31. 31. Principles of communication  The messages that have impact appeal to things that are important to people.  Beliefs and opinions can be strong and WILL affect interpretation.  Communication is cumulative and comes in many forms.  Communication is two way. 24/07/2013 Rowanwood - ARMA: Bridging the Gap 31
    32. 32. Stay curious 24/07/2013 Rowanwood - ARMA: Bridging the Gap 32
    33. 33. THANK YOU Rowanwood - ARMA: Bridging the Gap24/07/2013 33 @thomkearney thom.kearney@rowanwood.ca 613.292.8183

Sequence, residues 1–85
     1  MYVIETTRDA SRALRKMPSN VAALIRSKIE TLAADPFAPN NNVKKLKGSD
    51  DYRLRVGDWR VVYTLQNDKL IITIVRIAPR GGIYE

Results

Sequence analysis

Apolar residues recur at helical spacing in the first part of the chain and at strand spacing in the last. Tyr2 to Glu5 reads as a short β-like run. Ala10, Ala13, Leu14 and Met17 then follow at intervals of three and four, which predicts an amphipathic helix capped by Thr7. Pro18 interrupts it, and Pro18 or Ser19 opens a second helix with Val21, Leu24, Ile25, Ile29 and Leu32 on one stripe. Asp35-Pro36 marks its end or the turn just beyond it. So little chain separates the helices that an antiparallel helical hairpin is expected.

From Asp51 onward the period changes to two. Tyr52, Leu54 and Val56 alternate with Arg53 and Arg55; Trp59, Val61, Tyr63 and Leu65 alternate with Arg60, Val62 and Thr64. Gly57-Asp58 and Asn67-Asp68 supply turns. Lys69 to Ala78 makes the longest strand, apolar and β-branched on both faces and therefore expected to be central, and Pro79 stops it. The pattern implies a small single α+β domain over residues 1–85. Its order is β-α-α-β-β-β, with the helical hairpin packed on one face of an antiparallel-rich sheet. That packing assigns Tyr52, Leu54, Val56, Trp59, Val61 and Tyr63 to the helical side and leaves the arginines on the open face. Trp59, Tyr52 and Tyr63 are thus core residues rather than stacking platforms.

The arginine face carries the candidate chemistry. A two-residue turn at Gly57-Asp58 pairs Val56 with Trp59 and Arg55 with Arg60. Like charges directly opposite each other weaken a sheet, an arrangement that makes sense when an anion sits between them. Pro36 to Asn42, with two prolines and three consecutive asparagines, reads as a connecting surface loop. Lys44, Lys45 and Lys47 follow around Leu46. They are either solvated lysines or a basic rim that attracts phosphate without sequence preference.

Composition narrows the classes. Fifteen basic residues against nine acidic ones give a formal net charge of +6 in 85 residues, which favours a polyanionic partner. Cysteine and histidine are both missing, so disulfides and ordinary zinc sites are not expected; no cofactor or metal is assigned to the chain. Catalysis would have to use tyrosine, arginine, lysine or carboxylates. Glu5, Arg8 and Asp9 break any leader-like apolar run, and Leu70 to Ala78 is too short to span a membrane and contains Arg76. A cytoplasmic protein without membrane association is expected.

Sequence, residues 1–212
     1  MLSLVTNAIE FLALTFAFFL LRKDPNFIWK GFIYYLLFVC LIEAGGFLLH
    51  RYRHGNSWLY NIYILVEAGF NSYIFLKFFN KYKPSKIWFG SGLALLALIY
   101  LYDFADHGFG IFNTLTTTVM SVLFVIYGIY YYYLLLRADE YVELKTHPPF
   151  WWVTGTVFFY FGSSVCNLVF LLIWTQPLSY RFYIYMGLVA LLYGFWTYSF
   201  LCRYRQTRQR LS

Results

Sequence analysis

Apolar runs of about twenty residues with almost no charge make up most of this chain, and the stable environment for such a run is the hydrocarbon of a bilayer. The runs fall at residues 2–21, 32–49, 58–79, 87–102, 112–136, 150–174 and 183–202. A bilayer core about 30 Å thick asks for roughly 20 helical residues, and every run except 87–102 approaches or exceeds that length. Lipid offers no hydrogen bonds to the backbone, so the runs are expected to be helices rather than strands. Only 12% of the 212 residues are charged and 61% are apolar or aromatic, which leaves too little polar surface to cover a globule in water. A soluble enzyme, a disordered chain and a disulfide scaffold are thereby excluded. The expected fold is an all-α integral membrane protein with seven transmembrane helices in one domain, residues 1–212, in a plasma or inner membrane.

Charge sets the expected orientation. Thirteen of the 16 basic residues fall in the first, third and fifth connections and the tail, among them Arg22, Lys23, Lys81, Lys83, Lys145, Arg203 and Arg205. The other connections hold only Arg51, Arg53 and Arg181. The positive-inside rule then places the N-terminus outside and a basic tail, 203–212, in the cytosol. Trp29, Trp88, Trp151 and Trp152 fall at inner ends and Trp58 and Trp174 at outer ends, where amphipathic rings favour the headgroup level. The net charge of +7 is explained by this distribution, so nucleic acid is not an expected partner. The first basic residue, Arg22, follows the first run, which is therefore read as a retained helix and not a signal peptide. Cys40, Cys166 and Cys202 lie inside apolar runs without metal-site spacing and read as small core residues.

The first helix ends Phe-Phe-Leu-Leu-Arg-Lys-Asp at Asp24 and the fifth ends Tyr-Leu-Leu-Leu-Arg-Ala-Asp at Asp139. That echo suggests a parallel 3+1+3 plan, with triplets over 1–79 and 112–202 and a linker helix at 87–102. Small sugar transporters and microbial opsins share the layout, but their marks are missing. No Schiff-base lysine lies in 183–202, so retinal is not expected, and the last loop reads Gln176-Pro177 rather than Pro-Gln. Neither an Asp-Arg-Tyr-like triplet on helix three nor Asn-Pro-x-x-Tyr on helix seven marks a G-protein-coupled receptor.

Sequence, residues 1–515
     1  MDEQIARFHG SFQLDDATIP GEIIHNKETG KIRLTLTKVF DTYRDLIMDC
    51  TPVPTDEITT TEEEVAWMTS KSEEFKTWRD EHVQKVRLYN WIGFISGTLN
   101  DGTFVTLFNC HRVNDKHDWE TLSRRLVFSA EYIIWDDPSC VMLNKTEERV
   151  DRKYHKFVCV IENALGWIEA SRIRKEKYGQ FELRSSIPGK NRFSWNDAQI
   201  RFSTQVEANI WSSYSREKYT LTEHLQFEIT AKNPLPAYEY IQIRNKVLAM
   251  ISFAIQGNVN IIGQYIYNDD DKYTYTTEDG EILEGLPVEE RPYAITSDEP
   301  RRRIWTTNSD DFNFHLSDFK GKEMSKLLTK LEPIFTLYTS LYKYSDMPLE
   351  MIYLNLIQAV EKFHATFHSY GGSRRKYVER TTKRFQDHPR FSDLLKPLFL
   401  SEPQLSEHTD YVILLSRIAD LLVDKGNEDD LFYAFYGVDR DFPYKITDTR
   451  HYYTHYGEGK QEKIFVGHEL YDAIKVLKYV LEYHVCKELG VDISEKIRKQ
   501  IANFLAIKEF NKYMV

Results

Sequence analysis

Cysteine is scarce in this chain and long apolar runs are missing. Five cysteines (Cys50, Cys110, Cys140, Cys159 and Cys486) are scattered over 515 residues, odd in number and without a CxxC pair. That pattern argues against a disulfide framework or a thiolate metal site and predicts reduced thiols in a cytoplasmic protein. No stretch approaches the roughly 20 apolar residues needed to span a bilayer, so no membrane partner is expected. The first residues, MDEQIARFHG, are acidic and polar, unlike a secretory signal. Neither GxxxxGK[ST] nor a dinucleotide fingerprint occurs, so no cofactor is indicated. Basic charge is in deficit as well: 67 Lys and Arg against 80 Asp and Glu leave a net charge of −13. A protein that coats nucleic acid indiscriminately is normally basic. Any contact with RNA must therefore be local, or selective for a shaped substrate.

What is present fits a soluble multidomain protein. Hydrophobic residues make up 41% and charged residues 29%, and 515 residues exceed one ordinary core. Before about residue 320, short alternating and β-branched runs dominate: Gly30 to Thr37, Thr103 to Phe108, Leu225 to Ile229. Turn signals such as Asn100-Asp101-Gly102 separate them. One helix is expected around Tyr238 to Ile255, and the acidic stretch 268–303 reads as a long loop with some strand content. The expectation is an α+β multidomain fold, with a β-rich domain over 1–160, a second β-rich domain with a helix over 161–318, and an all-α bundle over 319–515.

34. 34. The Capo D’astro Bar Looking For The Capo D'Astro Bar, Author Unknown Back in the sixties, I was hired by an ad agency to write copy on the Aeolian Piano Company account. My first assignment was for an ad to be placed in The New York Times for one of their grand pianos. The only background information I received was some previous ads and a few faded close-up shots...and of course the due date. The account executive was slightly put out by my request for additional information and his response to my suggestions that I sit down with the client was “Are you one of those? Can’t you just create something. We’re up against a closing date!”. I acknowledged his perception that I was one of those, which got us an immediate audience with the head of the agency. I volunteered I couldn’t even play a piano let alone write about why anyone would spend $5,000 for this piano when they could purchase a Baldwin or Steinway for the same amount. Both allowed the fact that they would resign the Aeolian business for either of the others, however, while waiting for that call, suppose we make our deadline. I persisted and reluctantly, a tour of the Aeolian factory was arranged. I was assured that “we don’t do this with all our clients” and my knowledge as to the value of company time was greatly reinforced. The tour of the plant lasted two days and although the care and construction appeared meticulous, $5,000 still seemed to be a lot of money. Just before leaving, I was escorted into the showroom by the National Sales Manager. In an elegant setting sat their piano alongside the comparably priced Steinway and Baldwin. “They sure do look alike.” I commented “They sure do. About the only real difference is the shipping weight - ours is heavier.” “Heavier?” I asked. “What makes our heavier?” “The Capo D’Astro bar.” “What’s a Capo D’Astro bar?” “Here, I’ll show you. Get down on your knees.” Once under the piano he pointed to a metallic bar fixed across the harp and bearing down on the highest octaves. “It takes fifty years before the harp in the piano warps. That’s when the Capo D’Astro bar goes to work. It prevents the warping.” I left the National Sales Manager under his piano and dove under the Baldwin to find a tinkertoy Capo D’Astro bar at best. Same with the Steinway. “you mean the Capo D’Astro bar really doesn’t go to work for 50 years?” I asked. “Well, there’s got to be some reason why the Met uses it.” he casually added. I froze. “Are you telling me that the Metropolitan Opera House in New York City uses this piano?” “Sure. And their Capo D’Astro bar should be working by now.” At the Metropolitan Opera House I met the person in charge of moving them to the Lincoln Center and was told “About the only thing the Met is taking with them is their piano.” That quote was the headline for our first ad. The result created a six year wait between order and delivery. No matter what the account, I promise you, the Capo D’Astro bar is there. Rowanwood - ARMA: Bridging the Gap24/07/2013 34